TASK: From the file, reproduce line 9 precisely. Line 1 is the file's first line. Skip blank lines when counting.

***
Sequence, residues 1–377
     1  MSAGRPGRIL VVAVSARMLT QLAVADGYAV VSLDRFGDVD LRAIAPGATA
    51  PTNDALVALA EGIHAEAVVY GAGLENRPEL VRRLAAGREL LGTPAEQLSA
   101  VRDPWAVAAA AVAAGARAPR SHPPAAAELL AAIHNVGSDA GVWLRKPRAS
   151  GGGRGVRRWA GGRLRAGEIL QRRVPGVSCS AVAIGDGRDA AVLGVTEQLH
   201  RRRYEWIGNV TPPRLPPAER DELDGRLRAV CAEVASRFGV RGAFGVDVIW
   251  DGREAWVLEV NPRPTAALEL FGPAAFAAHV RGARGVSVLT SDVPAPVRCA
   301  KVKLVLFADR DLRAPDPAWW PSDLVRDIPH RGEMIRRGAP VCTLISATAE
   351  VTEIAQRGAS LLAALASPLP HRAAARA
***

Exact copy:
   351  VTEIAQRGAS LLAALASPLP HRAAARA